And POP goes the Hillary Email Balloon - Colin Powell and Condoleezza Rice had classified items in their personal emails too

My, my my. Once again I have been proven to be right, this time about the faux Hillary email scandal.

According to CNN:

Colin Powell and top staffers for Condoleezza Rice received classified information through personal email accounts, according to a new report from State Department investigators.
Hillary Clinton has received severe criticism -- particularly from Republicans and computer security experts -- for using her personal email account while serving as the nation's top diplomat under President Barack Obama. Thursday's revelation about the two secretaries of state under former President George W. Bush gave her supporters an opportunity to claim the Democratic presidential candidate was being singled out over the practice.
The emails were discovered during a State Department review of the email practices of the past five secretaries of state. It found that Powell received two emails that were classified and that the "immediate staff" working for Rice received 10 emails that were classified.
The information was deemed either "secret" or "confidential," according to the report, which was viewed by CNN.
In all the cases, however -- as well as Clinton's -- the information was not marked "classified" at the time the emails were sent, according to State Department investigators.
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more at http://www.cnn.com/2016/02/04/politics/hillary-clinton-email-classified-colin-powell-condoleezza-rice/index.html  
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Well, I'd say that as far as the nonsense about Hillary being prosecuted for this goes, as idiots like Republican Congressman Darrell Issa and others have been insinuating, the chances of that just went to zero percent. Which is as it should be.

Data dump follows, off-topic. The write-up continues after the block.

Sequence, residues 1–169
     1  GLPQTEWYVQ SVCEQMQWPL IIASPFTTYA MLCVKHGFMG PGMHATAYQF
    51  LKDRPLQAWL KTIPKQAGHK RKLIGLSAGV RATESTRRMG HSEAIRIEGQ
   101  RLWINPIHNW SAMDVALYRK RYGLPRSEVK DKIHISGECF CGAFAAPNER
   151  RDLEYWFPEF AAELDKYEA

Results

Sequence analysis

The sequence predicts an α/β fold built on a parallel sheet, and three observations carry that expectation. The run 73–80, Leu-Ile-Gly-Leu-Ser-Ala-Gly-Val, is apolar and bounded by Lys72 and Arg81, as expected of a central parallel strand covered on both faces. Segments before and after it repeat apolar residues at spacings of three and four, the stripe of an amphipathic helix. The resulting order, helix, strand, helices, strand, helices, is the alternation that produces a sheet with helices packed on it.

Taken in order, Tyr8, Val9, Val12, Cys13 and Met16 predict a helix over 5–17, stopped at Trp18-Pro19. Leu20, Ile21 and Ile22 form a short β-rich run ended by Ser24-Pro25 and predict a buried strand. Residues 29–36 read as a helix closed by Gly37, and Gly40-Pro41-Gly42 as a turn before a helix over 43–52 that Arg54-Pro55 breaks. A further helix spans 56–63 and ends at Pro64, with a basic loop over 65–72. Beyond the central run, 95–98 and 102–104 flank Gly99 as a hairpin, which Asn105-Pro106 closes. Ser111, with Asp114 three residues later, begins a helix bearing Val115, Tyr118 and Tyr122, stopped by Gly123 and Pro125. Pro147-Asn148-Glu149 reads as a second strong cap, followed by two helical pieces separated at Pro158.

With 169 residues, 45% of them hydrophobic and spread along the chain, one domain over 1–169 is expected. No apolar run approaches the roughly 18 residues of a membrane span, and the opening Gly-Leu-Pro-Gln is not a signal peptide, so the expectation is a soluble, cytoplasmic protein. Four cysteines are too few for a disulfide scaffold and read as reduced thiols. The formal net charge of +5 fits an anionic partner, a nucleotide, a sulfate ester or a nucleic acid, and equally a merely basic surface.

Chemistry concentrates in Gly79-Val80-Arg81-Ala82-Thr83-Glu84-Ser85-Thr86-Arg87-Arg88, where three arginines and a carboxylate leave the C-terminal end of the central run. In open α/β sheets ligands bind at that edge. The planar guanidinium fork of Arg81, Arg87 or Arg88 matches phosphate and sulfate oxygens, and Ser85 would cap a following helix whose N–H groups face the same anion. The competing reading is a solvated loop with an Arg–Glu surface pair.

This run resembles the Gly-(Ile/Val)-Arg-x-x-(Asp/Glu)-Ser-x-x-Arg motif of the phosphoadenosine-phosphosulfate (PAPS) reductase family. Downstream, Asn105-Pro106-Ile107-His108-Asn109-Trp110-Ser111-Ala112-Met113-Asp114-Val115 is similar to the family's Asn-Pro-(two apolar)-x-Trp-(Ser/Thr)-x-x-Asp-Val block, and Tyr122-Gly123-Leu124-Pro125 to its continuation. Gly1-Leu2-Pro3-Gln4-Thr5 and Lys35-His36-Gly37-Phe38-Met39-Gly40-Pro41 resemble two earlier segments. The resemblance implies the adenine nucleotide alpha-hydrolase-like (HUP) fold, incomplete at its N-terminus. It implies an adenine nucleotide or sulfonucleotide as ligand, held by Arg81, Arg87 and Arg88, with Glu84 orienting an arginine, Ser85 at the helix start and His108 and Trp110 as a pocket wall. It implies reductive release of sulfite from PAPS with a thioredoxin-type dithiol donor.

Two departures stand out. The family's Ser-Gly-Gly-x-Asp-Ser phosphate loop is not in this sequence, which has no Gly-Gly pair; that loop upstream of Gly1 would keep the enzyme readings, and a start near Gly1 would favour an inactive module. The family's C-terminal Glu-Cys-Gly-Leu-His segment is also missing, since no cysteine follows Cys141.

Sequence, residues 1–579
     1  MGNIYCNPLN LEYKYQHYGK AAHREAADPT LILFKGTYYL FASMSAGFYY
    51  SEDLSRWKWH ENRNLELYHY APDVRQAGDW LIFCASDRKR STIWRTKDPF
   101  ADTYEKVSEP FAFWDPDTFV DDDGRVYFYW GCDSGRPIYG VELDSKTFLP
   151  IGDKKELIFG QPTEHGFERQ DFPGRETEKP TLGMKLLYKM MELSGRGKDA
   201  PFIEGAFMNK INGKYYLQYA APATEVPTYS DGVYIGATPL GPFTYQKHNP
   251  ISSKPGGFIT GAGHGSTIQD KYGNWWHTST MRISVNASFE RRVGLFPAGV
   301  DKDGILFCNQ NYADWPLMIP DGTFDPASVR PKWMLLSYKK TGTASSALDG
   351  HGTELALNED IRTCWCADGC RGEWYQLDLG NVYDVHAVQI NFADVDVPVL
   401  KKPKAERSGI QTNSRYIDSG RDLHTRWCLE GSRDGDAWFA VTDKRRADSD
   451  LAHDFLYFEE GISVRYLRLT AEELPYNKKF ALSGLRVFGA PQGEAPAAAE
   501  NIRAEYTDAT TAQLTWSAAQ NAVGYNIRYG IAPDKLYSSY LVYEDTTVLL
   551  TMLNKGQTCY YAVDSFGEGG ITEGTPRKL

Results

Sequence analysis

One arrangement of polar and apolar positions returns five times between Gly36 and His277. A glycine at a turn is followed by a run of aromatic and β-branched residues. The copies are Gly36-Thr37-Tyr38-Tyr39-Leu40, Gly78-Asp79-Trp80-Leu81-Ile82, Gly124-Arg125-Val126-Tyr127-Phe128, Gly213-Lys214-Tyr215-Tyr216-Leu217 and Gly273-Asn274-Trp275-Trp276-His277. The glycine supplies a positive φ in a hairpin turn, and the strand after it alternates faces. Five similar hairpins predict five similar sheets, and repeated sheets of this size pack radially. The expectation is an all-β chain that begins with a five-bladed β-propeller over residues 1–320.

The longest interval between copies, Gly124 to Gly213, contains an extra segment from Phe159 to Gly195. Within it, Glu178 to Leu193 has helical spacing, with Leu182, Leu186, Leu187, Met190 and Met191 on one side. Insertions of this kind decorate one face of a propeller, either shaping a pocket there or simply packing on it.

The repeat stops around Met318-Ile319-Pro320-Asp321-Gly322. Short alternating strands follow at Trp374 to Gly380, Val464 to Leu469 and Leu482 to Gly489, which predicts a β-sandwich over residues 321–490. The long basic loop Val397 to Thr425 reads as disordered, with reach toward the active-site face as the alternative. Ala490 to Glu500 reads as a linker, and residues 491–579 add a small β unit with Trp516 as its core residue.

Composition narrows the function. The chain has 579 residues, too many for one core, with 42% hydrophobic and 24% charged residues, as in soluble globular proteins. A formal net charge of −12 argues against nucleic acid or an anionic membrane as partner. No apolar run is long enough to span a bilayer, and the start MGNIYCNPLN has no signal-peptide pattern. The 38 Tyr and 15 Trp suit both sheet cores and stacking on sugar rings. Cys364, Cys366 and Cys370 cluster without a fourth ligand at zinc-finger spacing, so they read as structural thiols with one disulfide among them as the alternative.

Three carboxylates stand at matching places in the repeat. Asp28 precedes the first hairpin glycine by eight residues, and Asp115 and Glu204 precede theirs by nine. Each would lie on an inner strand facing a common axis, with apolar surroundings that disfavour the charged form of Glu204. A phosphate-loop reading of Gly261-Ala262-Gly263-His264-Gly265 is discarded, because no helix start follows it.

What I tried to tell people is that this entire nonsense was predicated on Hillary being able to tell the future in two respects, knowing that someone was about to send her an email and knowing that at some point in the future, the contents of that email was going to be considered classified. Content that is later classified is pretty regularly sent to non-secure emails throughout all agencies and branches of the government. It's one of the challenges for those trying to protect sensitive information and its a tough challenge to resolve because you can't tell the future. It's as simple as that. 
I also tried to tell people that this has nothing to do with Hillary using a personal email account. I am sure there will be folks who read that last sentence and don't quite understand what to make of it. I will explain. You see, just like Hillary's personal email account, the State.gov email account that she would have otherwise used is not rated secure to receive classified email/information. The same rule violation in terms of safeguarding classified information would apply if the emails had gone to her State.gov email. And as I indicated in the previous paragraph, she would similarly have no way to have prevented it or known beforehand that the contents would later be declared to be classified.
So the whole brouhahah that Republicans manufactured over her use of a personal email account makes no sense at all. I had a debate with a conservative former CIA agent on Sirius radio and when I said that part about the personal email vs State.gov he had to acknowledge I was correct.
For classified communications, you are supposed to use the systems called SIPRnet (For classified up to Secret) and JWICS for Top Secret. SIPRnet was in the news during the Chelsea Manning affair as Manning willy-nilly released classified information from SIPRnet to make some sort of point about something completely unrelated to 99.99999% those emails, but I digress.
Like the IRS scandal and various other "scandals" Republicans found something that had been going on for a long time, or a system that had flawed elements, and then they blamed the current Democratic President and Agency head for it and blew it up into a scandal.
What's clear from the latest revelations from former Secretaries of State Powell and Rice is that this particular attempt at a scandal to hurt Hillary Clinton is over.

Monday, February 1, 2016

Hawkeyes must Moonlight as Firefighters Because Tonight they Extinguished “The Bern”

In a state whose demographics favored Bernie Sanders in every way imaginable, certainly more than most other states, a state that was, along with New Hampshire, a must win state for Sanders, Hillary Clinton has pulled out the victory.

Sanders and his campaign will no doubt try to claim they exceeded expectations and were the underdog and all of that, but there is no reasonable argument they can make that they can pull out a win over Clinton or in the general election if they could not win in a state tailor made for him.